Two scientists at the U.S. Department of Energy's National Renewable Energy Laboratory have been named Dan David Prize Laureates for 2007.

Contact: George Douglas
george_douglas@nrel.gov
303-275-4096
DOE/National Renewable Energy Laboratory

1-Dec-2006
A closer look at the Northwest hydro system
Pacific Northwest National Laboratory brought together public and private utilities, technology vendors and research institutions from across the Northwest to gather insight into challenges and opportunities for the region's power grid.

Contact: Lisa Teske
lisa.teske@pnl.gov
509-372-6850
DOE/Pacific Northwest National Laboratory

29-Nov-2006
Moving grid operations from minutes to seconds
In the last century, the electric power grid has grown from a system that served one square mile in New York into a highlycomplex interconnected system that serves all of North America. Initially, individual local systems would connect to each other to share resources and increase reliability.

Contact: Lisa Teske
lisa.teske@pnl.gov
509-372-6850
DOE/Pacific Northwest National Laboratory

17-Nov-2006
Technology improves food processing quality
Researchers at Pacific Northwest National Laboratory have developed an ultrasonic technology that could tell food manufacturers if foreign objects have fallen into their product long before it reaches the consumer.

Contact: Lisa Teske
lisa.teske@pnl.gov
509-372-6850
DOE/Pacific Northwest National Laboratory

17-Nov-2006
Structural safety gets boost from new technology
An acoustic inspection technology developed at Pacific Northwest National Laboratory may help users in the oil, gas and other industries decide if a metal structure can withstand normal operation. Using a newly developed ultrasonic measurement technology, PNNL researcher Paul Panetta and his team can rapidly locate and characterize suspected damage associated with strained metal, which current technologies cannot do.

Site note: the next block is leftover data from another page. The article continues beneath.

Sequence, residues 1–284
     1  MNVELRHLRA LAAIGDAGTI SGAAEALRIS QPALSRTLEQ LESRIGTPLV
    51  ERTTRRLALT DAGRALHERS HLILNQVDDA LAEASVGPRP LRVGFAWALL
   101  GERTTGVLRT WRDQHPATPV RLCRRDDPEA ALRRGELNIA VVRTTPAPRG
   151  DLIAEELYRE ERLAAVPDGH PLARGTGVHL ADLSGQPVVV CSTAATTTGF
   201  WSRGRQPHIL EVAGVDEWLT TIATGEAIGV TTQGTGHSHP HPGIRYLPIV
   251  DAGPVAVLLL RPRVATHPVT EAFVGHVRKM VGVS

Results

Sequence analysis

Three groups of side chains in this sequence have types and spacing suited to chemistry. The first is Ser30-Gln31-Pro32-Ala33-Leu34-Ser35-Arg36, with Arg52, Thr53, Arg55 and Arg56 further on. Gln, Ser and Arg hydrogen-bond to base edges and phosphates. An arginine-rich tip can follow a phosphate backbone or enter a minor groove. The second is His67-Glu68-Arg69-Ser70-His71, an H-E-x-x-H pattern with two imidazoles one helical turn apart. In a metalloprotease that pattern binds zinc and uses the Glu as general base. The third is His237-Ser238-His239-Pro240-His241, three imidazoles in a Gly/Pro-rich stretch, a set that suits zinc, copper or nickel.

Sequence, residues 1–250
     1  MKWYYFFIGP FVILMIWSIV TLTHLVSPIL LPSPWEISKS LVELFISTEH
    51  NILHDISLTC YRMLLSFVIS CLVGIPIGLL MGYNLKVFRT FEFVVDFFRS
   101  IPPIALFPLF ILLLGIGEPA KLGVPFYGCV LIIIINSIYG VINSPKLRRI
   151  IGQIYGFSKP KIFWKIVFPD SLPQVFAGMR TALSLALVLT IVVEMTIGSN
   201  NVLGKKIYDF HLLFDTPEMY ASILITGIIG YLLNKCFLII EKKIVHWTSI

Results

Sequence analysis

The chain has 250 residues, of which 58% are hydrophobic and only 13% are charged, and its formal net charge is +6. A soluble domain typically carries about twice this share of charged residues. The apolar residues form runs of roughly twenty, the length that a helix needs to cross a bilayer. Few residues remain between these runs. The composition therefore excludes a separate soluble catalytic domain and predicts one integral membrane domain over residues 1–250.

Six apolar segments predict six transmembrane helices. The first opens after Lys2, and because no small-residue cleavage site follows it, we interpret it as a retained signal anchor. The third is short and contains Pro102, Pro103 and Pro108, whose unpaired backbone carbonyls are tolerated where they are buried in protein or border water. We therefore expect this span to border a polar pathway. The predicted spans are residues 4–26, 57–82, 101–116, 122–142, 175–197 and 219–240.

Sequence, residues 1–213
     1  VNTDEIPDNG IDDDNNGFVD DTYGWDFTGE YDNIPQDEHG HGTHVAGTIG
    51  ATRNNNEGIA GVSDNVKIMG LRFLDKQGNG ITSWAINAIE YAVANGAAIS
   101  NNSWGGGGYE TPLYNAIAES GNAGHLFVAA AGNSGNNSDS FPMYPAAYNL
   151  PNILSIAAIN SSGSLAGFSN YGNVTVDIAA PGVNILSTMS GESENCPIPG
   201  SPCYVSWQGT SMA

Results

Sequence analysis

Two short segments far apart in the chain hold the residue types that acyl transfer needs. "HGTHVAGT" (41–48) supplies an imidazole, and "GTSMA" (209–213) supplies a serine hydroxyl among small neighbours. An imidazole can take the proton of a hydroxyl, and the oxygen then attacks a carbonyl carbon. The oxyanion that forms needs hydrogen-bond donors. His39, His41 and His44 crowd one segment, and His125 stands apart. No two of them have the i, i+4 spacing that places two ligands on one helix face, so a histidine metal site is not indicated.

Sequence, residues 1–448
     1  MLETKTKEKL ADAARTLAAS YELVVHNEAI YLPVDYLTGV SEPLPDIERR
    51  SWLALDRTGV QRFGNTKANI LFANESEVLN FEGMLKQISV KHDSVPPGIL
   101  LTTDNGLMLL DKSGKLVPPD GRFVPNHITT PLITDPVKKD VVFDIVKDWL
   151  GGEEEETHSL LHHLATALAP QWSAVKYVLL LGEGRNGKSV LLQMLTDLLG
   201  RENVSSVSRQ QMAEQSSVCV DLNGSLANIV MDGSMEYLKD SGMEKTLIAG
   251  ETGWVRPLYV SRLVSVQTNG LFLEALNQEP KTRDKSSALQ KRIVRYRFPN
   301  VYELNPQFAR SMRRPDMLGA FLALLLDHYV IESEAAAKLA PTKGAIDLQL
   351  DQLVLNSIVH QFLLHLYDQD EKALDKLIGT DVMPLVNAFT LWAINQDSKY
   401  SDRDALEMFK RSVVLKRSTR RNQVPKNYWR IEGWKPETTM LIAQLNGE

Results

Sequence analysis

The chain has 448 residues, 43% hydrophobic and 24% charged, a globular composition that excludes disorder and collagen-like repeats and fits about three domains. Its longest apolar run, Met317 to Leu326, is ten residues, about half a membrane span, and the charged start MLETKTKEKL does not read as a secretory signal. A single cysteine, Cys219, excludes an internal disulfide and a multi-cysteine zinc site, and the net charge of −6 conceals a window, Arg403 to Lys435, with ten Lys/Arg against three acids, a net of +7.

Contact: Lisa Teke
lisa.teske@pnl.gov
509-372-6850
DOE/Pacific Northwest National Laboratory

16-Nov-2006
Sometimes smaller is better
A research team from the Pacific Northwest National Laboratory, Oregon Health and Science University, University of Minnesota and the University of Idaho is studying the ability of nanoscale iron particles to reduce carbon tetrachloride, a common groundwater contaminant.

Contact: Lisa Teske
lisa.teske@pnl.gov
509-372-6850
DOE/Pacific Northwest National Laboratory

9-Nov-2006
Department of Energy advances commercialization of climate change technology
U.S. Department of Energy (DOE) Assistant Secretary Jeffrey D. Jarrett has announced the Department's support of seven tests in North America to advance carbon sequestration technologies while attending the Asia-Pacific Partnership on Clean Development and Climate.

Contact: Mike Jacobs
202-586-0507
DOE/National Energy Technology Laboratory

9-Nov-2006
US wind power industry tempers its 2006 forecast slightly
The American Wind Energy Association (AWEA) announced on October 24th that the U.S. wind energy industry remains on track to set a record for wind power installations this year, with U.S. wind generating capacity increasing by 2,750 megawatts (MW).

Contact: Kathy Belyeu
202-383-2520
DOE/National Renewable Energy Laboratory

5-Oct-2006
ORNL's High Flux Isotope Reactor prepares to make 'cold' neutrons
The High Flux Isotope Reactor at the Department of Energy's Oak Ridge National Laboratory has passed a major milestone in its quest to become one of the world's leading sources of 'cold' neutrons for advanced scientific research. Once fully operational, the reactor will combine with the laboratory's Spallation Neutron Source to make Oak Ridge the world's center for neutron sciences.

Contact: Mike Bradley
bradleymk@ornl.gov
865-576-9553
DOE/Oak Ridge National Laboratory

Showing stories 51-75 out of 350 stories.
<< < 1 | 2 | 3 | 4 | 5 | 6 | 7 > >>

 

 

Text-Only | Privacy Policy | Site Map